Supporters of the proposed new coal mine in west Cumbria say the Prime Minister’s comments on mining in the UK are “the clearest indicator yet” that the plans will be approved.

Boris Johnson said it "makes no sense" to import coal when the UK has its own domestic resources, during Prime Minister’s Questions on Wednesday.

A decision on Britain’ first new coal mine in decades is due to be made by secretary of state, Michael Gove, in the next two weeks, following a planning inquiry in 2021.

Mr Johnson’s remark has added to speculation that the Government could approve the controversial new mine in Whitehaven.

Speaking during Prime Minister’s Questions, Conservative MP Chris Green for Bolton West asked Mr Johnson if he shared his concerns about “the ethics of holding back British industry” and “exporting and magnifying our carbon emissions overseas all in the name of net zero”.

The Prime Minister replied: "I think we can all be proud of the way we have reduced CO2 emissions in this country.

"But plainly it makes no sense to be importing coal, particularly for metallurgical purposes, when we have our own domestic resources."

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Mayor of Copeland, Mike Starkie, an ardent supporter of the mine, said: “Boris Johnson has come out and said what I have been saying for the last seven years.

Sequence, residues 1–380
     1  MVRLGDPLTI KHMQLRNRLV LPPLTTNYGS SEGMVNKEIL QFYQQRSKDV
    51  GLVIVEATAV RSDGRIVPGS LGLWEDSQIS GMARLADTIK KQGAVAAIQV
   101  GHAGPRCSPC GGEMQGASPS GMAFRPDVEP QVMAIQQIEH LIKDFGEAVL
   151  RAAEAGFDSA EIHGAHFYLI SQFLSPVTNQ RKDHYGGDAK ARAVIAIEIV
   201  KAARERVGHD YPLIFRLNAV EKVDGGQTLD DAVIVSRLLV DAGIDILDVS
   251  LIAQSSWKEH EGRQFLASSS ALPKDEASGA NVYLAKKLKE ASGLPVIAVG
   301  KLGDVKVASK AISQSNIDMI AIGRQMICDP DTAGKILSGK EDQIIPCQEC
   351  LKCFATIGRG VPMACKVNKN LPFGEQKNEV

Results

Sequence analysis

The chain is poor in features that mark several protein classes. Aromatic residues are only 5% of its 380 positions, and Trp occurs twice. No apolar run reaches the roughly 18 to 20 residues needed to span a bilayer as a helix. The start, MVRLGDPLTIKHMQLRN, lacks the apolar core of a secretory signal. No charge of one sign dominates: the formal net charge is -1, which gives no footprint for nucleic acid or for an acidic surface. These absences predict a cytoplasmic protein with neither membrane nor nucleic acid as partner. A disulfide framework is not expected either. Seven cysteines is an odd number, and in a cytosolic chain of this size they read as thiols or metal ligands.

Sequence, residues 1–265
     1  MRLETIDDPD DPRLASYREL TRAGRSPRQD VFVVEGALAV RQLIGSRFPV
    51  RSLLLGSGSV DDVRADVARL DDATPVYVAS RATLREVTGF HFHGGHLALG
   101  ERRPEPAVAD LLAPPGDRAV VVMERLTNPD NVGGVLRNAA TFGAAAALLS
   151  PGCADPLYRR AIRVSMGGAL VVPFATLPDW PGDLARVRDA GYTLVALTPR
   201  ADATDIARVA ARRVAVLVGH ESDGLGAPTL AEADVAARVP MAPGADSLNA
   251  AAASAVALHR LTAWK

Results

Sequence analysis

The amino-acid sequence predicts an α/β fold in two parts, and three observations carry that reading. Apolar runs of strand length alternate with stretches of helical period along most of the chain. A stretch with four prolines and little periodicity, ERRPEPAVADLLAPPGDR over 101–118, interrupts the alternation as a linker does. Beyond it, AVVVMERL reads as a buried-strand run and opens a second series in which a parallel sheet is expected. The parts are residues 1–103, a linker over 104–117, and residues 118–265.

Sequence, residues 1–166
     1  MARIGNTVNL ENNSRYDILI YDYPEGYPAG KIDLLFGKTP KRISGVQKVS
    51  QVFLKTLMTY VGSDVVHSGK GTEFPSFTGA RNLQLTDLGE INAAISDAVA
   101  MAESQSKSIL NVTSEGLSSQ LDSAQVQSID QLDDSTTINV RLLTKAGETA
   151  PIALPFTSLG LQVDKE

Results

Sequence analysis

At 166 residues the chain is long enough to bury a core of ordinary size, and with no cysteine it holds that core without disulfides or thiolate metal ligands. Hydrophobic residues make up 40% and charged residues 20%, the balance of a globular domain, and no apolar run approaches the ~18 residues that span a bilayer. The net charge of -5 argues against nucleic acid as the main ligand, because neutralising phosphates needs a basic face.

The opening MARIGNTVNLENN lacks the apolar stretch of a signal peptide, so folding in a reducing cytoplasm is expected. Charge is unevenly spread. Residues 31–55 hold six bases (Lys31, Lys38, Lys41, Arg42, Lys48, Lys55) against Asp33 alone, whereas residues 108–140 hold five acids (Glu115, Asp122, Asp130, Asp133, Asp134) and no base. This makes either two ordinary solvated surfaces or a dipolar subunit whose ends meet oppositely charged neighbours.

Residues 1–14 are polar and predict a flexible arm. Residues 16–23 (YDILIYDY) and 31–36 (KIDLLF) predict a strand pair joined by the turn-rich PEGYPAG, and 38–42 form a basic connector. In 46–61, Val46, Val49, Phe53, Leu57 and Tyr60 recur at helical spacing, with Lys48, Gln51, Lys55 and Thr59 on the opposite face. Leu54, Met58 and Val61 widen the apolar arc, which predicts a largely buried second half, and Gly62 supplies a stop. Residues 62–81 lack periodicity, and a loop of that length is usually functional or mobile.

“The specific nature of the comments that he made is the clearest indicator yet that this mine is going to be given the green light.”

John Greasley, who set up the We Support West Cumbria Mining Facebook page, said: “I’m more hopeful than I have been for the last six months, waiting on tenterhooks. There’s definitely an understanding in the Government of the need for a local supply.

“There’s a lot of people who are very positive about it.”

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He added that the patience of West Cumbria Mining, the company behind the plans, was “incredible”.

The proposed £160million mine would remove coking coal from beneath the Irish Sea for the production of steel in the UK and export to Europe.

Environmental campaigners, including Friends of the Earth, have strongly opposed the mine, saying it would increase carbon emissions and damage the UK’s climate credibility.

Friends of the Earth energy campaigner Tony Bosworth, said: "The Prime Minister is simply wrong: opening new UK coal mines makes no sense for energy security or tackling the climate crisis.

“A new mine in Cumbria would have little impact on coal imports. Steelmakers use a blend of different coals so they would still have to import the majority of their coal. And one of the two blast furnace sites in the UK– British Steel in Scunthorpe – has expressed doubts about whether it can use Cumbrian coal.  

“The UK steel industry says it isn’t lobbying for a new mine. It knows its future lies in moving away from coal to low carbon steel-making – something that’s already happening in Europe.

“Only a few months ago, the Prime Minister was sounding the death knell for coal. If his government approves the new mine, its climate reputation would be ruined.

“Green steel is the future. It’s time to leave coal in the ground where it belongs.”

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